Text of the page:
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Ban the Bag

Image by Viral faisalovers via thenounproject

Image by Viral faisalovers via thenounproject

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Plastic bags: They’re a part of our everyday life. We use them when we are grocery shopping, shoe shopping or bringing leftovers home from a local restaurant.

Plastic bags were first introduced in 1977, and by 1982 most stores in the United States were using these chemical-filled bags. It took time for disposable plastic bags to catch on; until 1985, the majority of stores used paper or reusable bags. But when they caught on, they were everywhere.

At the time, plastic bags may have seemed miraculous, but they have a dark side.

Some grocery stores may ask if you’d like to purchase a reusable grocery bag or ask if you brought your own, but most of the time the answer to both questions is no. The single-use plastic bag is the source of the pollution that now floods our rivers, landfills, oceans and beaches, ruining our environment and marine life.

There is a simple fix to the problem.

There are about one trillion plastic bags consumed every year all around the world. About 100 billion of them are used and thrown away every year, costing retailers billions of dollars.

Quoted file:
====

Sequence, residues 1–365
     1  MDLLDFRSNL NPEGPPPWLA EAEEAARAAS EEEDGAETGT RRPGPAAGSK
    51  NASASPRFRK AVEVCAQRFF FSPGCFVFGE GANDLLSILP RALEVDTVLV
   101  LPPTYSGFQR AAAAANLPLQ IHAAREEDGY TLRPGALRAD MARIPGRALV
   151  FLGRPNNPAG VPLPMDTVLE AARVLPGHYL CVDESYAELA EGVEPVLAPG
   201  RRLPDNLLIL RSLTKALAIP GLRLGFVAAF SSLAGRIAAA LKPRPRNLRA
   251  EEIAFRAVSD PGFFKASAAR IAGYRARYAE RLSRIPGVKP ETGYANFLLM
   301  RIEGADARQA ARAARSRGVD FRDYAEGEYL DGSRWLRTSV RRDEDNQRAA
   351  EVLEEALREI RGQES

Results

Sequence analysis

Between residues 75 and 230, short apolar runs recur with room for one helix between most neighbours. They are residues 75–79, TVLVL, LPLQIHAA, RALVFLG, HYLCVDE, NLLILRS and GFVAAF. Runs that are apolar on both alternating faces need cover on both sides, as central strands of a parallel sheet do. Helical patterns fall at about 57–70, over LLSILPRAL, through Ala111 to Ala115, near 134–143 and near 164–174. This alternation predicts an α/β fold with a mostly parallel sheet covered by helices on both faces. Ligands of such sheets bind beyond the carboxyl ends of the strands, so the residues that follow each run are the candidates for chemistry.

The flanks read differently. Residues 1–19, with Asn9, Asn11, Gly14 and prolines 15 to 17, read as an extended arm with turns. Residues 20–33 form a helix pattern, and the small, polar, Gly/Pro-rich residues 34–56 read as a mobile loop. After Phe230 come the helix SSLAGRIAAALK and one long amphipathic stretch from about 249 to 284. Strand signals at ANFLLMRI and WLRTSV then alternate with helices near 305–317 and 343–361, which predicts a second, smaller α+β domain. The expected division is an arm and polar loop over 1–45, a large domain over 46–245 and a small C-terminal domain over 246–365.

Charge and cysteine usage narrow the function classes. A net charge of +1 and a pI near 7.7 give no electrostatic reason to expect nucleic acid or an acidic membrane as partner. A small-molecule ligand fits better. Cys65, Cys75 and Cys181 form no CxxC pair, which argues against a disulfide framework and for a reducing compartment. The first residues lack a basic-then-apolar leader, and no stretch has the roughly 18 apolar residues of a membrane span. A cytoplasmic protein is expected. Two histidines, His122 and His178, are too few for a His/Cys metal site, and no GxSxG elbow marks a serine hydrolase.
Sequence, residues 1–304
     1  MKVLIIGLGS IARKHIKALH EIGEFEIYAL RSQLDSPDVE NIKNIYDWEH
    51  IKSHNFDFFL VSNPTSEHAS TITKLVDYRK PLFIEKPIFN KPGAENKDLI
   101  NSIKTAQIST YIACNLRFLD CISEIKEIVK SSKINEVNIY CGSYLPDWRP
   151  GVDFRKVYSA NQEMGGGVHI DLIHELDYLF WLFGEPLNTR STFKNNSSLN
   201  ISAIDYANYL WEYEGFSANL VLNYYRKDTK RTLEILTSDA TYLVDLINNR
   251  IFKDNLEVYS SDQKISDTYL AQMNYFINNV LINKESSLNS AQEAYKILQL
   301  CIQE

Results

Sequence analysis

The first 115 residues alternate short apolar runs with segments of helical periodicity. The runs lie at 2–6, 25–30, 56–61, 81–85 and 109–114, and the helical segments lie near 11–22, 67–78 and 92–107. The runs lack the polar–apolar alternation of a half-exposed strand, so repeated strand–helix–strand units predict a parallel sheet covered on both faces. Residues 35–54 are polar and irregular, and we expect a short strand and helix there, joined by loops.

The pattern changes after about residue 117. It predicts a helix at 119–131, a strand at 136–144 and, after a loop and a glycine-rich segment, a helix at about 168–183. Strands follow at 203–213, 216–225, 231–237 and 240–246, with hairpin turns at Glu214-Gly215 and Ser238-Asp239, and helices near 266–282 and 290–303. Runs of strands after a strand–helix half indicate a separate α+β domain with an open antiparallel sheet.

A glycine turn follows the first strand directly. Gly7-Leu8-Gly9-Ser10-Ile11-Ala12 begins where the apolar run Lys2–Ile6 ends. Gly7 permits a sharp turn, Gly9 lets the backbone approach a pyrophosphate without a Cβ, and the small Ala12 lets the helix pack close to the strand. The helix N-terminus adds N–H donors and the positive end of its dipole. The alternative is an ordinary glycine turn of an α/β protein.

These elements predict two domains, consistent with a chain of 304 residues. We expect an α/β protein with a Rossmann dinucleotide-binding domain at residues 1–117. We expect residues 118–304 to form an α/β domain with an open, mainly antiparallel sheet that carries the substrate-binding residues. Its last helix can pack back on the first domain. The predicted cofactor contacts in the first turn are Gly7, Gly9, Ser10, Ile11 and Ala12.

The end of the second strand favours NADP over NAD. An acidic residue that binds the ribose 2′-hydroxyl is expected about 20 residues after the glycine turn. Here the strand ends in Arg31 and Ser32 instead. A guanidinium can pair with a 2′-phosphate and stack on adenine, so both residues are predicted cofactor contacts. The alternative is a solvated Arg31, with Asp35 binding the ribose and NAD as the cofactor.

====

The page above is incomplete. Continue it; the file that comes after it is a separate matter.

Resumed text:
A recent study found that Lake Erie is Polluted by at least 100 Million pieces of plastic, most of which are from straws and plastic bags.

Scientists have even spotted a plastic bag at a depth of 36,000 feet below sea level at the bottom of the Mariana Trench.

Plastic bags are non-biodegradable, so instead of breaking down naturally, they break into smaller, more toxic pieces.

These pieces contaminate soil and water, impacting humans with indigestion through food and water. Worse, plastic contaminates can be linked to cancers and birth defects.

Plastic bags are responsible for the deaths of seagulls, whales, sea turtles, and hundreds of other species. Ocean plastic is estimated to kill millions of marine animals every year.  

Some governments have banned plastic bags to show their support and care for the environment and its wildlife. Countries such as the United Kingdom, France, China, Netherlands, Australia and Kenya have either banned or introduced taxes on single-use plastic bags.

The United States is very late to this party, with only San Francisco taking action.

They city has put a 10-cent tax on plastic bags, strongly encouraging the use of reusable bags, leading to  a 72% reduction in plastic bag pollution.

The most effective tool against fighting plastic pollution, however, is us.

As consumers, we are the force of change when it comes to what is produced in our society. Consumers fell in love with the automobile, making the landscape what it is today. Consumers took a liking to computers and nurtured the Internet, on which this piece is published. It is consumers who started buying plastic bags, and it is consumers who may put an end to their use for good.

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